Coffee Basics : What is Liberica Coffee
What is Liberica Coffee
It’s common knowledge that most of the coffee beans produced commercially come from two varieties: Arabica and Robusta. But did you know that there are actually other lesser-known varieties of coffee bean? One of them is Liberica, which accounts for less than 2% of commercially-produced coffee worldwide. Originating from Liberia in West Africa, the Liberica coffee plant produces larger, irregular-shaped cherries compared to Arabica plants. It’s said to have a floral and fruity aroma, but when made into coffee, has a full-bodied, woody taste.
What do they taste like?
Those who have been lucky enough to try Liberica coffee say it tastes, unlike any coffee they’ve had before. Thanks to its complex flavor profile, Liberica beans are often added to coffee blends to give it more dimension. Among enthusiasts, Liberica coffee has a controversial and polarizing reputation for wild inconsistency. Those who’ve tried this rare variety either love it or hate it. Some coffee drinkers adore the unusual, nutty, woody flavor and sneaky backbite on the finish. Others compare the flavor to burnt garbage.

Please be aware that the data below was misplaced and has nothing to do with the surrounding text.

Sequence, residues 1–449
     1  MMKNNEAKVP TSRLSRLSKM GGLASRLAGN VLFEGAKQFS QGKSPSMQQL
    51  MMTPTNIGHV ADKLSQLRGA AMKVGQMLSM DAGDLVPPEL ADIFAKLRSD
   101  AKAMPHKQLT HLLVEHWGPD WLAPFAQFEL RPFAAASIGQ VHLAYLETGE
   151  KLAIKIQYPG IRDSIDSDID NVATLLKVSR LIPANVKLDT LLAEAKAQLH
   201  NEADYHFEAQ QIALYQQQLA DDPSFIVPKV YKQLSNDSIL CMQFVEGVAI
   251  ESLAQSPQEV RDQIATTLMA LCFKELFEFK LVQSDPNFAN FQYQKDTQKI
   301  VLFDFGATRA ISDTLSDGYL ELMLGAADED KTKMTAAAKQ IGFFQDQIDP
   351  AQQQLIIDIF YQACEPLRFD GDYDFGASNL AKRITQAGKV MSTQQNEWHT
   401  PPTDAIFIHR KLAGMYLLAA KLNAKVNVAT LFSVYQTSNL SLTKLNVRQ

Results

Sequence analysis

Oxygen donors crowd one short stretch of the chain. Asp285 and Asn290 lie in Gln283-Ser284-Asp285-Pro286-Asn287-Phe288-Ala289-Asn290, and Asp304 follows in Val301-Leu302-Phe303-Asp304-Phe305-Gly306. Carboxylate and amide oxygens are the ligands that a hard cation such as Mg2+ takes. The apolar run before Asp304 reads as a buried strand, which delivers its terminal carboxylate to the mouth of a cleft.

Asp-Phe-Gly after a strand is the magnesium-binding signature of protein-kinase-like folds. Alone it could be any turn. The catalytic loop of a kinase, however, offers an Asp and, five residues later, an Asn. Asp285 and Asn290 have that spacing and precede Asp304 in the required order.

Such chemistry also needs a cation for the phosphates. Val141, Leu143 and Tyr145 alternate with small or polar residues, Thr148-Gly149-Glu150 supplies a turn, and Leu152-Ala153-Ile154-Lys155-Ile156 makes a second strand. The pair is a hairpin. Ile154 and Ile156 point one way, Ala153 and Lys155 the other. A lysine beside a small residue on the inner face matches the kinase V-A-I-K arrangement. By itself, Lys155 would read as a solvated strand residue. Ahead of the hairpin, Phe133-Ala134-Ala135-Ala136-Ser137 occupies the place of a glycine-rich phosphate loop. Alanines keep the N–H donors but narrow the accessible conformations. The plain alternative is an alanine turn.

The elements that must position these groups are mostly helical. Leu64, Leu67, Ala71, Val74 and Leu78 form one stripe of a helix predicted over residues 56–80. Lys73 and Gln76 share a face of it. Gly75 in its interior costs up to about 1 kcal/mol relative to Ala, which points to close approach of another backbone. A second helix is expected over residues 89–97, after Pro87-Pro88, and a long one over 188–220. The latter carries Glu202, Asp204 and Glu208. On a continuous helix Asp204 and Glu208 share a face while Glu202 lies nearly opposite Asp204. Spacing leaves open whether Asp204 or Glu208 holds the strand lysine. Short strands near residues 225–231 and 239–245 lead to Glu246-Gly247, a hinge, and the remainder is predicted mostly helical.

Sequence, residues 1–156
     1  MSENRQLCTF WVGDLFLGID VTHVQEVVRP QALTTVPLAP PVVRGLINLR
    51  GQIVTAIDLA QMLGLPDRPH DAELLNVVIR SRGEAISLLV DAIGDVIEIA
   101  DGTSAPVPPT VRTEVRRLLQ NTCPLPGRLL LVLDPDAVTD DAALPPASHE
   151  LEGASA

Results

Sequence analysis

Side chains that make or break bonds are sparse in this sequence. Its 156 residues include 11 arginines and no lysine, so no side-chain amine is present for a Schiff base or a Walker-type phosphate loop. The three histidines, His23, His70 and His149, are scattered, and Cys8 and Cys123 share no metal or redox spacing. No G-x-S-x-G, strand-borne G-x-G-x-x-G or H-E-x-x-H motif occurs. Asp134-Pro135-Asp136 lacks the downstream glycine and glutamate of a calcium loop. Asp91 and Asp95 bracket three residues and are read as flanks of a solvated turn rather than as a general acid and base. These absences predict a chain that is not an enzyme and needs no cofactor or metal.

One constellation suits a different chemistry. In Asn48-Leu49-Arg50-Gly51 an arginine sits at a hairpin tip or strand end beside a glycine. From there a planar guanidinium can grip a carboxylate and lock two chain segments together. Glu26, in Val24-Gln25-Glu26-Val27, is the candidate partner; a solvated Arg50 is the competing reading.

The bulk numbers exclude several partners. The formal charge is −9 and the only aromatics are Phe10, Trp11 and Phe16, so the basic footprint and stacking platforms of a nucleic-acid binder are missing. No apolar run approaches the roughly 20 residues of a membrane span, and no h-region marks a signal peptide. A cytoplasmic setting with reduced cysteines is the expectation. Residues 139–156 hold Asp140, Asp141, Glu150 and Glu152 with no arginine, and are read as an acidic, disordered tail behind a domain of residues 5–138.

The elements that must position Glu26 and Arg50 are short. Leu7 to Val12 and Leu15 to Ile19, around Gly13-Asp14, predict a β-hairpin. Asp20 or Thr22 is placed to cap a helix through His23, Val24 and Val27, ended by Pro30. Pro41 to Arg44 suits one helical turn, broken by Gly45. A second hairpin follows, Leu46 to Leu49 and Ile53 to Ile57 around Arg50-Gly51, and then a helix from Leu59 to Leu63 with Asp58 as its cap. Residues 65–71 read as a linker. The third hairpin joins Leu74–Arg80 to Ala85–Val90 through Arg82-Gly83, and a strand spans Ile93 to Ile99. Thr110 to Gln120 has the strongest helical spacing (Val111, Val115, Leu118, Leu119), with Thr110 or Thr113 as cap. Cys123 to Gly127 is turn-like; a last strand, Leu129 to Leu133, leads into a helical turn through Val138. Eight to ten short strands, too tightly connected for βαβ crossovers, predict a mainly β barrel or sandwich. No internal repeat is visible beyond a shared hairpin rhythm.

In the 1890s, the Liberica coffee plant was transported and cultivated in other parts of the world, including the Philippines and Indonesia, following a mass die-off of Arabica plants around the world due to a disease known as “coffee rust”.
Caused by the fungus Hemileia vastatrix, the disease gets its name from the light brown and powdery appearance of the fungus, which looks like iron rust. Once infected with the fungus, the plant eventually loses all its leaves, as well as its ability to produce beans.
Compared to the Arabica coffee plant, the Liberica plant is hardier, as it is adaptable to hot climates, resistant to pests and disease, and can grow at low altitudes.
However, since the coffee rust outbreak in the 19th century, the Arabica variety has recovered and now holds the crown as the most prevalent coffee bean in the market. Today, it is Liberica plants that are considered endangered due to its low rates of cultivation.
Where can you buy Liberica beans?
Perhaps the most renowned Liberican coffee is found in the Philippines, where it’s known as “kapeng barako” (Barako coffee), which translates to “macho stud” in Philippine culture. Typically served black with sugar, this hard-charging Liberican brew is not for the faint of heart. Considered somewhat of a relic from an older generation, kapeng barako is still widely available on the shelves of local supermarkets and served in coffee shops across the Philippines. In fact, outside of Southeast Asia, your best bet for finding Barako coffee (or Liberica beans) is in a market that caters to the Filipino ex-pat community.